I’ve written a new guide that explains in detail some of the best things you can do to find out how well your business is currently doing, and the types of initiatives you could introduce to really make some positive changes.
Would you like me to email you a copy?
Just email firstname.lastname@example.org today!
Happy Birthday Haus of HR
We turned 1 this week! Check out how we decided to celebrate and thank everyone that has supported our business over the last 12 months. READ MORE HERE
International Week of Happiness at Work is 19 – 25 September
We spend a lot of time at work, so it’s really important that we’re all happy in what we do. And, when we’re happy at work, it makes us happier in other areas of our lives too.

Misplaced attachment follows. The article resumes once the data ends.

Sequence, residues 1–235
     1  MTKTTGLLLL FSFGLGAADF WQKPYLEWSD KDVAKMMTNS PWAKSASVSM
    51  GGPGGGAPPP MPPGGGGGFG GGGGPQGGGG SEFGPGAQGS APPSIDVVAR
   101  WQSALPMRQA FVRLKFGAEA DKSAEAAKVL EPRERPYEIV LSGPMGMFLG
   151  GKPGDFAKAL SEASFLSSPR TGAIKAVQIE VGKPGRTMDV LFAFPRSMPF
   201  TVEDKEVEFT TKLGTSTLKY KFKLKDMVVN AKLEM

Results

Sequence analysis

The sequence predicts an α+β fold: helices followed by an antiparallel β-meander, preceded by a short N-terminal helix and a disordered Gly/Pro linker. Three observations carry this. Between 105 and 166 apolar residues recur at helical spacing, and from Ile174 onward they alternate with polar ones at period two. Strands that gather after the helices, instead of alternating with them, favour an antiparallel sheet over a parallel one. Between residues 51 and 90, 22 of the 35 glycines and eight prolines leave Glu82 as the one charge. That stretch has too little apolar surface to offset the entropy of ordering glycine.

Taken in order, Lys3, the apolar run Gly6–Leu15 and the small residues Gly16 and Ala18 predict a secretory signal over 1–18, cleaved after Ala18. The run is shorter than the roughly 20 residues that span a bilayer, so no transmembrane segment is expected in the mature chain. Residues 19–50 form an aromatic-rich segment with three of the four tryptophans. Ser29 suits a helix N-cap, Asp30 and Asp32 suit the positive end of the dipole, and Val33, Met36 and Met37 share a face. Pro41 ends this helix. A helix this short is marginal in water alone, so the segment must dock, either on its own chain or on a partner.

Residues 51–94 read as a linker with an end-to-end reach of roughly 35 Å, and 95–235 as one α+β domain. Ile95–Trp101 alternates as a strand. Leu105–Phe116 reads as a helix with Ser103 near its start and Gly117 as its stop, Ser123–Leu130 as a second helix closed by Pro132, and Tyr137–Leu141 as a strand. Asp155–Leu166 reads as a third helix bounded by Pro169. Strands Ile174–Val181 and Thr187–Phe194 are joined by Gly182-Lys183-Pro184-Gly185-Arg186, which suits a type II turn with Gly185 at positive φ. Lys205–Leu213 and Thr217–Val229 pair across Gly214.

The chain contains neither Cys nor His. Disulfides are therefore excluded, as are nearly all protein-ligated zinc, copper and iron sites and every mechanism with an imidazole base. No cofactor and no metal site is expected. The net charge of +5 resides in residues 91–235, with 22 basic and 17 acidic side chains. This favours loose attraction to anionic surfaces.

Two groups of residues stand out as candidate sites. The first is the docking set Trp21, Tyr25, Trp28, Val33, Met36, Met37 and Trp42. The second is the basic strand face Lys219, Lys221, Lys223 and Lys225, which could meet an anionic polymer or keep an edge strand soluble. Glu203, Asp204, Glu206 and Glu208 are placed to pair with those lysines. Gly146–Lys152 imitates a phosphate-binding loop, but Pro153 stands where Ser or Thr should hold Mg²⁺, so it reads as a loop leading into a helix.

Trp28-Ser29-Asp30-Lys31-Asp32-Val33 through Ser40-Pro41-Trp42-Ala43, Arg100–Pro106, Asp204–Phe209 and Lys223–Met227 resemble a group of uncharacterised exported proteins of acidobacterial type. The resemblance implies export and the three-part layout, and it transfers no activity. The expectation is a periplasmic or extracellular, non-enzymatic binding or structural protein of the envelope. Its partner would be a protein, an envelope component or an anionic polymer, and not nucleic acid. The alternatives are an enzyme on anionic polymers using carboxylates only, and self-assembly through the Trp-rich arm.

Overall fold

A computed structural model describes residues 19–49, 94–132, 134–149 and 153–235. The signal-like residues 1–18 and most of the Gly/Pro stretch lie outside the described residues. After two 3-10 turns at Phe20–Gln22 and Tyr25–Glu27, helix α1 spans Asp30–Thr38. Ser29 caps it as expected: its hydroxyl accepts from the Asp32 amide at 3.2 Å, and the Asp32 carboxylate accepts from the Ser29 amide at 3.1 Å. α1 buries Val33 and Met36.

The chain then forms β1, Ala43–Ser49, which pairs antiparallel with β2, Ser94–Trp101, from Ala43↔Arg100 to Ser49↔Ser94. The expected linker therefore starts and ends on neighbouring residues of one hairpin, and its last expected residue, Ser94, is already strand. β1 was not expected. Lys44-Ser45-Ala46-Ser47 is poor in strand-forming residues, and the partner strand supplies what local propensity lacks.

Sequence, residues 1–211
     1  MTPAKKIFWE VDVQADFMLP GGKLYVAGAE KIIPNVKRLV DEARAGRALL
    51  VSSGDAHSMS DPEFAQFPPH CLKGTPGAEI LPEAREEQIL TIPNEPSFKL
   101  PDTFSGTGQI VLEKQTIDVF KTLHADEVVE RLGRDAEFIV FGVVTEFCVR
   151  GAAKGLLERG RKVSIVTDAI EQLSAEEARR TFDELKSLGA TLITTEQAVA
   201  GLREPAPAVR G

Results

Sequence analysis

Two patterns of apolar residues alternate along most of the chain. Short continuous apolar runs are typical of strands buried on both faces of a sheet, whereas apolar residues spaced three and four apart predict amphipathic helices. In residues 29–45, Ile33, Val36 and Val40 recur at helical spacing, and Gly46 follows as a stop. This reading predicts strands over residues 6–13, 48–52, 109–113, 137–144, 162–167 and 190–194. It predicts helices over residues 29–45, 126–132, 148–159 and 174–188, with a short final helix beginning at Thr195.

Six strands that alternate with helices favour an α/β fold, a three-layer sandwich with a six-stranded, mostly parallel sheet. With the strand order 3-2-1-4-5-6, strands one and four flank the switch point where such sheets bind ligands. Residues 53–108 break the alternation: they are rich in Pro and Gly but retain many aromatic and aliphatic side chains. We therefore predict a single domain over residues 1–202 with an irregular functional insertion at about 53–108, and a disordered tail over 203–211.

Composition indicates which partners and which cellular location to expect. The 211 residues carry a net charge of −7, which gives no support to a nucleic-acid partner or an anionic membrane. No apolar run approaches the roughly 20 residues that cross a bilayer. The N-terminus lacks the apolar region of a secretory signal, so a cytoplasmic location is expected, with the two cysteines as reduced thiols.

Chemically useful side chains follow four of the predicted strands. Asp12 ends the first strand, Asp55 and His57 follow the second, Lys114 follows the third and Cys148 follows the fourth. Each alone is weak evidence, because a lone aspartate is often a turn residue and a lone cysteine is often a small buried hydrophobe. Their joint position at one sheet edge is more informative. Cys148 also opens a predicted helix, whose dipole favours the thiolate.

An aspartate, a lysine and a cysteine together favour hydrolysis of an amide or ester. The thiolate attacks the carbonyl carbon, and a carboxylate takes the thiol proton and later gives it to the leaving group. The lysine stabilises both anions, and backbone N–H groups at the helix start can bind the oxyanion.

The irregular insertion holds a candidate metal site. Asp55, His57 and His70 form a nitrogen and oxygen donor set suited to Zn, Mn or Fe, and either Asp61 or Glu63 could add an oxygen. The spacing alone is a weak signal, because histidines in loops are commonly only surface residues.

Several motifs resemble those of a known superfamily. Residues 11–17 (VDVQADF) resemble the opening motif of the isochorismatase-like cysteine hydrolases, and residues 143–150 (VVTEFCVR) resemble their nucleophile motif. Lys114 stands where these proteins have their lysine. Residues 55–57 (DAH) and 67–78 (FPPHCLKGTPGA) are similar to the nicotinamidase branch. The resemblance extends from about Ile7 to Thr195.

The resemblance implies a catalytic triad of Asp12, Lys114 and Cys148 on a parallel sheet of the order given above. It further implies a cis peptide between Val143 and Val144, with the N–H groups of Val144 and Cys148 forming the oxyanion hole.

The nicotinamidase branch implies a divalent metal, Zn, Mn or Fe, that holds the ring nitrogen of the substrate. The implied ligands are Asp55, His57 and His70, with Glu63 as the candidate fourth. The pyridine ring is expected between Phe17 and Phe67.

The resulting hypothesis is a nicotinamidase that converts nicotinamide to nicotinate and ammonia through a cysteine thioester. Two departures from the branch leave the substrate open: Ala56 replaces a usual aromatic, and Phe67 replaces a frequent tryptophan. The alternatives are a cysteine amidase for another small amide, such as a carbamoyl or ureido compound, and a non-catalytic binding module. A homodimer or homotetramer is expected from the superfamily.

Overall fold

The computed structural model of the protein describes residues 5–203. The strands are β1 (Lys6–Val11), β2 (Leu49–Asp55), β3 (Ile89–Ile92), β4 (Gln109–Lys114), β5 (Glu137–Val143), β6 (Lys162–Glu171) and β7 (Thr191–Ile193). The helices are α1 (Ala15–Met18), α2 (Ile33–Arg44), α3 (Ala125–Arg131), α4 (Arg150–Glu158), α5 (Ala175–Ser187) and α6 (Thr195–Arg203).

As a business owner or manager, it’s important that you take the happiness of your people seriously. If it’s not something you’d thought too much about before, this week is the perfect opportunity to see where you can make some valuable changes.
Invite feedback from your employees about things that make them happy at work. Organise some activities, plan after work drinks, or order in pizzas for a treat one lunchtime. Something that shows your people they’re appreciated – it can go a really long way!
Do your employees want more flexibility?
According to a new poll, yes. In fact, a huge 60% of UK workers would like more flexibility over when they work, including moving to a 4-day working week model.
A staggering 40% said they’d even take a pay cut if it meant they had total flexibility over when they worked.
Is it time to look at how flexible your business is, and how making a few simple changes could positively affect staff engagement and motivation?